The touchscreen front panel gives access to all features as well as displaying album artwork. It’s menu-driven but not too complicated.

The touchscreen front panel gives access to all features as well as displaying album artwork. It’s menu-driven but not too complicated.

SOUND QUALITY

I plugged the Plenue into a variety of headphones including my Noble K10 in-ear monitors, a pair of AKG K702 Reference open-back over-ear studio headphones – both ruthlessly revealing – and the new FiiO F9 Pros (see Hi-Fi World review July 2018).

Music included standard 44.1 kHz CD tracks, plus a variety of high- resolution material loaded onto a microSD card from a MacBook Air.

With the Nobles K10s the Plenue demonstrated excellent definition on Eleanor McEvoy’s ‘I’ve Got You To See Me Through’ (24/96) from ‘Yola’. The opening piano notes were strikingly good, having a natural decay. This is an exceptionally well recorded album and the Plenue V made the most of it. McEvoy’s guitar playing throughout came over as crisp and tight – her voice soared.

Switching to the AKGs the soundstage opened up – which is something open-back ‘phones are better at compared to in-ears – with an almost loudspeaker-like quality that added an extra degree of atmosphere to the sound. Now it was as though the vocals and instruments were coming from around my head.

I’ve heard more expensive DAPs that don’t delineate between different headphones with such accuracy and a sense of which transducers you have plugged in.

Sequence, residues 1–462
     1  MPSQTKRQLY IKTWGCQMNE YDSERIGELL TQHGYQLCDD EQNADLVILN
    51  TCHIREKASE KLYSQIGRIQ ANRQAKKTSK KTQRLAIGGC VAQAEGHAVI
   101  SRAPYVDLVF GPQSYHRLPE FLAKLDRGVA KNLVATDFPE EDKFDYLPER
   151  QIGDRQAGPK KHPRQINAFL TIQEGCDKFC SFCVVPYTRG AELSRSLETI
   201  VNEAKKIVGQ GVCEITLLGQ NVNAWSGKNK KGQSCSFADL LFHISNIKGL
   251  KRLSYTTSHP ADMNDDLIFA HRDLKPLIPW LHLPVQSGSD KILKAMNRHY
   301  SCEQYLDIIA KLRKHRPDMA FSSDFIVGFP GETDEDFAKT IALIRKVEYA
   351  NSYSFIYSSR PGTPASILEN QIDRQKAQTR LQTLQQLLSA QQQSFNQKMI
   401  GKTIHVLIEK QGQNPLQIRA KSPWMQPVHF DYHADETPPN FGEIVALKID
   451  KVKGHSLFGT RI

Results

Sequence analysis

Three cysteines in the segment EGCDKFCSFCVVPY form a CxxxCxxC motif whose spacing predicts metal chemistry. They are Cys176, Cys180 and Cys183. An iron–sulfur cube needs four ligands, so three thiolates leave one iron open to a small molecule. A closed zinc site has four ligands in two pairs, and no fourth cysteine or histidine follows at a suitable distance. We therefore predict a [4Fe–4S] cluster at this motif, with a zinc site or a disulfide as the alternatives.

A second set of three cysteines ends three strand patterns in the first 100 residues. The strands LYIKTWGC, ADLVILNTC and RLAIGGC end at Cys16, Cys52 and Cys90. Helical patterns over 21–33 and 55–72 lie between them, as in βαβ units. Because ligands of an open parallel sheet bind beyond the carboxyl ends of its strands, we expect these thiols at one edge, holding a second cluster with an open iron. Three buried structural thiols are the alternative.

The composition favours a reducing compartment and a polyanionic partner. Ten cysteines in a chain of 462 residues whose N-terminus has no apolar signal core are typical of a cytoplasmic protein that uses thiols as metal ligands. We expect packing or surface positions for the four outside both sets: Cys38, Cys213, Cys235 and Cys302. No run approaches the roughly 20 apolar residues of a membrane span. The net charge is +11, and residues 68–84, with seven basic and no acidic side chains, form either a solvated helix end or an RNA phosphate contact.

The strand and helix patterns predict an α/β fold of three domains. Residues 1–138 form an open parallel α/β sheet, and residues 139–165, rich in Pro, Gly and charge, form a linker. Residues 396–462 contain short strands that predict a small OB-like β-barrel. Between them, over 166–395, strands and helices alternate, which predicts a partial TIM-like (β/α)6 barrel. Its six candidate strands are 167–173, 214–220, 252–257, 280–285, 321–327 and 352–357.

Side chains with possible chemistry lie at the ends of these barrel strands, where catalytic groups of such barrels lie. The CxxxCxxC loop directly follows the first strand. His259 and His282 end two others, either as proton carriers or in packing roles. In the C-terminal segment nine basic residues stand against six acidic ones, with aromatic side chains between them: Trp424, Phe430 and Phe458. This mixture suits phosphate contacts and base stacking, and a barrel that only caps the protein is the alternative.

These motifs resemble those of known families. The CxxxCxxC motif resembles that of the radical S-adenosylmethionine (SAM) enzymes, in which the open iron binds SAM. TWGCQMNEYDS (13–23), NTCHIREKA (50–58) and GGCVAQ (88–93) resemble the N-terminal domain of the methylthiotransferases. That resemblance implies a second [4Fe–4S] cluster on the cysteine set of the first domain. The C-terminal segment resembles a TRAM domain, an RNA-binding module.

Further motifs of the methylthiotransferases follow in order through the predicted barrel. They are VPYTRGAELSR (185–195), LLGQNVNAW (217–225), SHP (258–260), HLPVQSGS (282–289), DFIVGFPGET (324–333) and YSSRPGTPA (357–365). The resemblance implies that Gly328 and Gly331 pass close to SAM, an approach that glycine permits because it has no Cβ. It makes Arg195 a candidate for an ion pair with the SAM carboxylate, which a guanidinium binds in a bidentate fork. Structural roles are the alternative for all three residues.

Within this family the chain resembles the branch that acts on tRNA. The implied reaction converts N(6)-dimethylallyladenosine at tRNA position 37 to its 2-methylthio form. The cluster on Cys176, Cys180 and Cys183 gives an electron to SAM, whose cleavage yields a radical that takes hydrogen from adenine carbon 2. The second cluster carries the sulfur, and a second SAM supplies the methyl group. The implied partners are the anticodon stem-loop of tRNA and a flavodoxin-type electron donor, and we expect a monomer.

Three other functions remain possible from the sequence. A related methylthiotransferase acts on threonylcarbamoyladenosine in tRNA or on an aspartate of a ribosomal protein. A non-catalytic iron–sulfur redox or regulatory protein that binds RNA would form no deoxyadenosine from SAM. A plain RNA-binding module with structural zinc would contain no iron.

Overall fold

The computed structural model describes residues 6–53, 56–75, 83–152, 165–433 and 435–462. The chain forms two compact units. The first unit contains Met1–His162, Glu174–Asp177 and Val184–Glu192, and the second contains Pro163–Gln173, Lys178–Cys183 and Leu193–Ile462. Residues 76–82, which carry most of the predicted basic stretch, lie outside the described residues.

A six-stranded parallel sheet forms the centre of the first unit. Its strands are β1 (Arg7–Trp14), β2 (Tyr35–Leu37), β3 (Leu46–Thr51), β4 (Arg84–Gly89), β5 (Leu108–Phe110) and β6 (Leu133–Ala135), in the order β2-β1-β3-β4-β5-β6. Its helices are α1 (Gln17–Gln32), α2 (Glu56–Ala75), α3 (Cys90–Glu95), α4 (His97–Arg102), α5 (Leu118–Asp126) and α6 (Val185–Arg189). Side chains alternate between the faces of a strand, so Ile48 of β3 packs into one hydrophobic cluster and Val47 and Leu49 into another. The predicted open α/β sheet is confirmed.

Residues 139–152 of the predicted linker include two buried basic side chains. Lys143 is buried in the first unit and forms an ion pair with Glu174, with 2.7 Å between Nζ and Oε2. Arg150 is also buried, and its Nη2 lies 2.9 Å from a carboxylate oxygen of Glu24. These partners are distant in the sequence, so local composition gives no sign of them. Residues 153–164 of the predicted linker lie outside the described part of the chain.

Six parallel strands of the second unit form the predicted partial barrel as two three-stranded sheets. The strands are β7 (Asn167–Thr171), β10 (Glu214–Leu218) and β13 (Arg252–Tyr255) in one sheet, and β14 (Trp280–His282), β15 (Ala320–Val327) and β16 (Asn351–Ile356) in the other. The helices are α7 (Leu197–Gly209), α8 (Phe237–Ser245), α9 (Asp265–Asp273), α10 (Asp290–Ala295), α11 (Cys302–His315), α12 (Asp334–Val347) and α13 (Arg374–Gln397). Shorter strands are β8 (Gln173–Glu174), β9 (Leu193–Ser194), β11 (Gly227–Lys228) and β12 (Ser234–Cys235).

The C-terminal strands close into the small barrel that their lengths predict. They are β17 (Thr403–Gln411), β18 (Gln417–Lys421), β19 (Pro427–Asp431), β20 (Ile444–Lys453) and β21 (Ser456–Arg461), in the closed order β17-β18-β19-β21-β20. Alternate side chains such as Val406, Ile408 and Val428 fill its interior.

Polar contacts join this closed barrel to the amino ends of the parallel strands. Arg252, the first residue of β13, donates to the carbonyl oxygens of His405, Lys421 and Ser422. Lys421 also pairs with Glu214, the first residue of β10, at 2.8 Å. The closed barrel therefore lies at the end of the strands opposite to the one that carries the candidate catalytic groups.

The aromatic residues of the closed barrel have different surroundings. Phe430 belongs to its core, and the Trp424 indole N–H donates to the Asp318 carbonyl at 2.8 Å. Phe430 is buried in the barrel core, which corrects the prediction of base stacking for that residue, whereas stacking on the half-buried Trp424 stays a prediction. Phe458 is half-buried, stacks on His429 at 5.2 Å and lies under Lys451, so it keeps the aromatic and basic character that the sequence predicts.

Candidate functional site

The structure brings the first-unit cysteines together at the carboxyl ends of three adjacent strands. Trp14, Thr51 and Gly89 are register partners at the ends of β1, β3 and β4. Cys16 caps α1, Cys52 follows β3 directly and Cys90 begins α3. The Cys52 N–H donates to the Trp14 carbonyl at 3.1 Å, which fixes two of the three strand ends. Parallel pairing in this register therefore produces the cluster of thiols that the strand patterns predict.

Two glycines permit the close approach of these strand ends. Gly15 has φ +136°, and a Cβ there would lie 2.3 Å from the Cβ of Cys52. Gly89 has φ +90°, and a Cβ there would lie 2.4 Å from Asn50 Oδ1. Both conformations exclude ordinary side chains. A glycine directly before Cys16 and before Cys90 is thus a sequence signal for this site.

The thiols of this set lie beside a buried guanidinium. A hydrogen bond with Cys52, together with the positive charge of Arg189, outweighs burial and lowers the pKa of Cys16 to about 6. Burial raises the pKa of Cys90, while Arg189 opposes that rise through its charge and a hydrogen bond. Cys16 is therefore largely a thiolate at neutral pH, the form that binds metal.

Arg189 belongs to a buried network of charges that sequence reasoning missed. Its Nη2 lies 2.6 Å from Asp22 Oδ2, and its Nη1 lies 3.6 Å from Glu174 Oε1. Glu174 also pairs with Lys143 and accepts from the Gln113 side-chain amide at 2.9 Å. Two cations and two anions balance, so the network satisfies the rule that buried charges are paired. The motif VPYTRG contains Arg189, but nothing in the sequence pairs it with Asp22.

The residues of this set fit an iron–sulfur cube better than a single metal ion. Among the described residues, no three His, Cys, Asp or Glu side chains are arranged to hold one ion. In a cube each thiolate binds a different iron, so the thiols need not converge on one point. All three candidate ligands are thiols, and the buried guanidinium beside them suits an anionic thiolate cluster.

Switching to Oasis with their ‘Definitely Maybe’ debut on a standard CD rip showed the usefulness of the various filter options. Here Non-oversampling softened the searing guitar on the opening ‘Rock ’N’ Roll Star’ – reining back the treble to give a much more nuanced presentation.

It meant I could turn the volume up that bit louder without wincing. On gentler material, though, I preferred the other settings. Miles Davis’s ‘Kind Of Blue’ lacked some top-end until I moved to the Fast/ Low-latency – and this mode certainly brought the best out of the FiiO in-ear ‘phones which don’t have the same outright resolution of the other pairs.

What did impress throughout, however, is the even-handed nature

“Excellent sound at its price with an easy to use interface.”

of the Cowon. There’s a lack of digital harshness on high-resolution music – one which suits well-recorded tracks. It also goes loud quite easily and handles bass with a distinct grip.

Jah Wobble and saxophonist Evan Parker’s ‘Passage to Hades’ (24/96) with its surging low-end was never short of tempo whichever headphones I was using. The Plenue and its Cirrus DAC remained unfazed no matter how deep the bass went.

Admittedly, it doesn’t have the same punch of the likes of the better Astell&Kern players. Listening to The Clash’s ‘London Calling’ through the latter’s AK70 MkII revealed better drive and excitement. But then the Cowon is £ compared to the Astell&Kern’s and has a rather more attractive form factor.

This is a DAP that doesn’t break the bank but offers excellent sound at its price with an easy to use interface.

CONCLUSION

The Plenue V is an excellent DAP from Cowon. It is sleek and eye-catching but most importantly sounds extremely natural and detailed. Get used to the quirky power button!

Manual buttons on the right of the player give full control of all functions.